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IACM-Bulletin of 27 September 2009

Science: External therapy with cannabinoids effective in reducing pain in patients with herpes zoster

Researchers at the Clinic for Skin Diseases at the University of Muenster, Germany, investigated the efficacy of an external treatment of chronic pain caused by herpes zoster with a cannabinoid that activates cannabinoid receptors. In an open-label trial, 8 patients with facial neuralgia in herpes zoster received a cream containing the endocannabinoid palmitoylethanolamine. The course of symptoms was scored with a visual analogue scale.

Five of 8 patients (62.5 per cent) experienced a mean pain reduction of 88 per cent. The therapy was well tolerated by all patients. No unpleasant sensations or adverse events occurred. The authors concluded that "topical cannabinoid receptor agonists are an effective and well-tolerated adjuvant therapy option in postherpetic neuralgia." This cream is already on the market in Germany under the trade name "Physiogel A.I. Crème" used to treat pruritus.

(Source: Phan NQ, Siepmann D, Gralow I, Ständer S. Adjuvant topical therapy with a cannabinoid receptor agonist in facial postherpetic neuralgia. J Dtsch Dermatol Ges. 2009 Sep 10. [Electronic publication ahead of print])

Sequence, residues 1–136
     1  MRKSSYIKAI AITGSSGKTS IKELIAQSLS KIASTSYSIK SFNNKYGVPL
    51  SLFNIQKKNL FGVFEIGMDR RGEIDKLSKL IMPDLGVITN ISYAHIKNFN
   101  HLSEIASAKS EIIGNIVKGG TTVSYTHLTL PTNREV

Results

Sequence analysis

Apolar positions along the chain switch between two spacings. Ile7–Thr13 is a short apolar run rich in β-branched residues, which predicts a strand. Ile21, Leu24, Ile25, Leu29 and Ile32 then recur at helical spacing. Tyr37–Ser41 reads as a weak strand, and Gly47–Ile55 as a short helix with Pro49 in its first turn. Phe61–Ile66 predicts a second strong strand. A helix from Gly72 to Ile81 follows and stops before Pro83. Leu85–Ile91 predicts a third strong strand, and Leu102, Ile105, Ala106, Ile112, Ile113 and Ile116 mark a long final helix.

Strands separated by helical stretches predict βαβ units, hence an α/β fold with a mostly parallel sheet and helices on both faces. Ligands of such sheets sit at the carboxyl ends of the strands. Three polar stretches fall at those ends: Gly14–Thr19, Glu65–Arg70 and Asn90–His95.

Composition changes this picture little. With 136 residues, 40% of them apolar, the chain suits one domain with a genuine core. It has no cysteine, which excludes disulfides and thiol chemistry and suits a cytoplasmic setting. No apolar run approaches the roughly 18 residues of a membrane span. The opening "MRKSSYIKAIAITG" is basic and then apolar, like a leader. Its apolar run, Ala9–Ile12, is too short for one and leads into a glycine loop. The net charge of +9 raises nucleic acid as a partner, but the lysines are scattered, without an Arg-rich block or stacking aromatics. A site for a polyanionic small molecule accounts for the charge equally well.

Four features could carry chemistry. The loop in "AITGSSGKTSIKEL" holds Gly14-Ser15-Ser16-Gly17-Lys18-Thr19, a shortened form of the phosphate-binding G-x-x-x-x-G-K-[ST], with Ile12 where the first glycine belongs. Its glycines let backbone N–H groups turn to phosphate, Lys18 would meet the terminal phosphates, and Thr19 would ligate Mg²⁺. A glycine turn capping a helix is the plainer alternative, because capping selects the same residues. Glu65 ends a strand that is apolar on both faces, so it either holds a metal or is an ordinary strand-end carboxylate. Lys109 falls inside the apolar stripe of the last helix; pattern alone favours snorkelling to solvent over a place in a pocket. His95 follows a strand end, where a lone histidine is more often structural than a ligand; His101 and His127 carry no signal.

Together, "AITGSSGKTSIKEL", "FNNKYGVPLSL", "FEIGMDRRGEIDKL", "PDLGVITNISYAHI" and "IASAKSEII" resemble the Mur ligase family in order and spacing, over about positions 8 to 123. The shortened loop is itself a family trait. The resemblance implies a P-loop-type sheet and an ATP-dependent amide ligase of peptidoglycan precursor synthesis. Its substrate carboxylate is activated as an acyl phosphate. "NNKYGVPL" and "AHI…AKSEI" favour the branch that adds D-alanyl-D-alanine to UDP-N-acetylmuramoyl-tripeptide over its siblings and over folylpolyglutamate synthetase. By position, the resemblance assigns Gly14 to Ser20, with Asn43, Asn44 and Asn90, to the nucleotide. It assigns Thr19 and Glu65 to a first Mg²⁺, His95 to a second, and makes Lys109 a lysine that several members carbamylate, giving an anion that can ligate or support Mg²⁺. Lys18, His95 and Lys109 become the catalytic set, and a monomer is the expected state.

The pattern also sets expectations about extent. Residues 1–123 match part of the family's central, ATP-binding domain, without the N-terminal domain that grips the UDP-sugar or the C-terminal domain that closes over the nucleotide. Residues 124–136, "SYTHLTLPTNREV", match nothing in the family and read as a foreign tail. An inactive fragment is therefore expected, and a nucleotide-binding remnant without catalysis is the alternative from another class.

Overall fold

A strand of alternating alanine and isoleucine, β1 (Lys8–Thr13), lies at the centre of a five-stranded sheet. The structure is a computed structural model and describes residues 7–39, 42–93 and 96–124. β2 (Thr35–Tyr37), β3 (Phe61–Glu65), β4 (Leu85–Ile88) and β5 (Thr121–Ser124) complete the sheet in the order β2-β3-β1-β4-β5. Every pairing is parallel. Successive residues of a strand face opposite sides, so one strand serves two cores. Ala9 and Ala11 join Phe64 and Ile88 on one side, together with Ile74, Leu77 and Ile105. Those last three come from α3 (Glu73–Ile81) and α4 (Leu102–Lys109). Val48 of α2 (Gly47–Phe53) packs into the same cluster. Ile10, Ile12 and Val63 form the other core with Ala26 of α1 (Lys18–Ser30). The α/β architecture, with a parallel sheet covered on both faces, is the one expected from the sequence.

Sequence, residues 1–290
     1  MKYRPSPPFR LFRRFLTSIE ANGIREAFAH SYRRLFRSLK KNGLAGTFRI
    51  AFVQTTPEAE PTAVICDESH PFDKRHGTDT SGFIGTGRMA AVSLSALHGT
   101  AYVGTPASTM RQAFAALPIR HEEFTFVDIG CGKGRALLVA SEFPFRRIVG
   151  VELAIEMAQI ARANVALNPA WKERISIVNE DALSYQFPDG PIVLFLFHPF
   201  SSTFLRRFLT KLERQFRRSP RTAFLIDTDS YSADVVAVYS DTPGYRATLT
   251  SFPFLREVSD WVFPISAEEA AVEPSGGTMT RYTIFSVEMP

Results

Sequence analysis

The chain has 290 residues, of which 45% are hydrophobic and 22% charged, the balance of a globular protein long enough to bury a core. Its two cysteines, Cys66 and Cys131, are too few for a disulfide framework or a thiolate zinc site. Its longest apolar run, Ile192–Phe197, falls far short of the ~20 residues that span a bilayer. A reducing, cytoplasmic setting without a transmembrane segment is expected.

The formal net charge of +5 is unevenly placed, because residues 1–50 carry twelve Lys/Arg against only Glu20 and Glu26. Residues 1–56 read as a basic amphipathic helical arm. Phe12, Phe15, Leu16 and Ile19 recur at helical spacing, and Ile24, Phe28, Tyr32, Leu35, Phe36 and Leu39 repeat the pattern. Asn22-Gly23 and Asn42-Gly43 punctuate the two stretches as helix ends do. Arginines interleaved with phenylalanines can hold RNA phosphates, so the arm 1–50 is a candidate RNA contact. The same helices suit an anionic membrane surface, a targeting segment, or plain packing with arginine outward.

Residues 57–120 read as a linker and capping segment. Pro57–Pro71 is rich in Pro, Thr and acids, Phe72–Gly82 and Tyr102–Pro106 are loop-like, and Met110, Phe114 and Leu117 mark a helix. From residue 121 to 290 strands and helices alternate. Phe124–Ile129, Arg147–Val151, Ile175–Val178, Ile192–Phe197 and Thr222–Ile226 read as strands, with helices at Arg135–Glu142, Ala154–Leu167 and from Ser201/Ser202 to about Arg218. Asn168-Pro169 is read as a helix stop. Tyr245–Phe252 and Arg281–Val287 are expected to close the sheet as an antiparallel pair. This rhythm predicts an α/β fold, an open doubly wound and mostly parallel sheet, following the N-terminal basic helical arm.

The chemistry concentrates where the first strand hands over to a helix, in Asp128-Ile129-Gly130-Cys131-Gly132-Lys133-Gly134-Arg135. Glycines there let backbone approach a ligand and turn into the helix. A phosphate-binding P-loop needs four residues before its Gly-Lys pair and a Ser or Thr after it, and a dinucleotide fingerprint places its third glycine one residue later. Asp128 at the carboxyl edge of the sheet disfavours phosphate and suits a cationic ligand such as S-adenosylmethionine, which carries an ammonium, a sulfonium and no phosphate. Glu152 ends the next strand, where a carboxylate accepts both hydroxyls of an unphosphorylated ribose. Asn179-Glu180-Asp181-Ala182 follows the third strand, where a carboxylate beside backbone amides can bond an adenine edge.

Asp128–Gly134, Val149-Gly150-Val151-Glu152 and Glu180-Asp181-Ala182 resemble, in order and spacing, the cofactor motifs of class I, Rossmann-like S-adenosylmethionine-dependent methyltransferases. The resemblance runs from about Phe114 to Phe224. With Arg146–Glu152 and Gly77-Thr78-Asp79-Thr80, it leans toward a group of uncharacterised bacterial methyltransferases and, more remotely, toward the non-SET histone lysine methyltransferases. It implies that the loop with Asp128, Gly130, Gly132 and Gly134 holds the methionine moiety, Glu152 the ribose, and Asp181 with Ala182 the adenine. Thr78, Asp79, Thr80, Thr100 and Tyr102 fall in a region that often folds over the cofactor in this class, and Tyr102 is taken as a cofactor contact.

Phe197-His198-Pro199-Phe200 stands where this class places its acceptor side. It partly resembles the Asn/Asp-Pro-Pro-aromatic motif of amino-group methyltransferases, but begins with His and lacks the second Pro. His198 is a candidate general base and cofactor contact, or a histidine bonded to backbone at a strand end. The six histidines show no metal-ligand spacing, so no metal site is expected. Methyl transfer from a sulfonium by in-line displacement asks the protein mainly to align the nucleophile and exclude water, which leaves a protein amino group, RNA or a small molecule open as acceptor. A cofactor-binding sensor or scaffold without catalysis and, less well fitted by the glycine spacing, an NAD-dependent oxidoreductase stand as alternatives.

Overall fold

USA: Medical cannabis law creates confusion in the State of Washington

In one corner of the State of Washington, a 62-year-old rheumatoid arthritis patient could face more than eight years in prison for growing cannabis for himself and three others, while in the town of Seattle a co-operation of growers serves 2,000 people with little interference from police. This discrepancy is typical of the confusion that has reigned since voters passed the medical cannabis law more than a decade ago. A patient may possess up to 15 cannabis plants and 24 ounces (680 grams) of dried plant material.

Unlike some other states, Washington requires patients to grow cannabis themselves or designate a caregiver to grow it for them. But some patients are too sick to grow cannabis themselves and don't have the money to set up a growing operation. So they have established collective grows or dispensaries - methods that are making police and prosecutors increasingly uncomfortable. The American Civil Liberties Union of Washington recently began discussions with Seattle police over whether to limit the size of cooperative grows. In Spokane this month, police shut down a medical cannabis dispensary - the first such measure in the state - and arrested the two owners. They warned a half-dozen other dispensaries to close as well.

More at:
hosted.ap.org/dynamic/stories/U/US_MEDICAL_MARIJUANA?SITE=FLTAM&SECTION=HOME&TEMPLATE=news_generic.htm

(Source: Associated Press of 20 September 2009)

News in brief

Holland: Coffee shops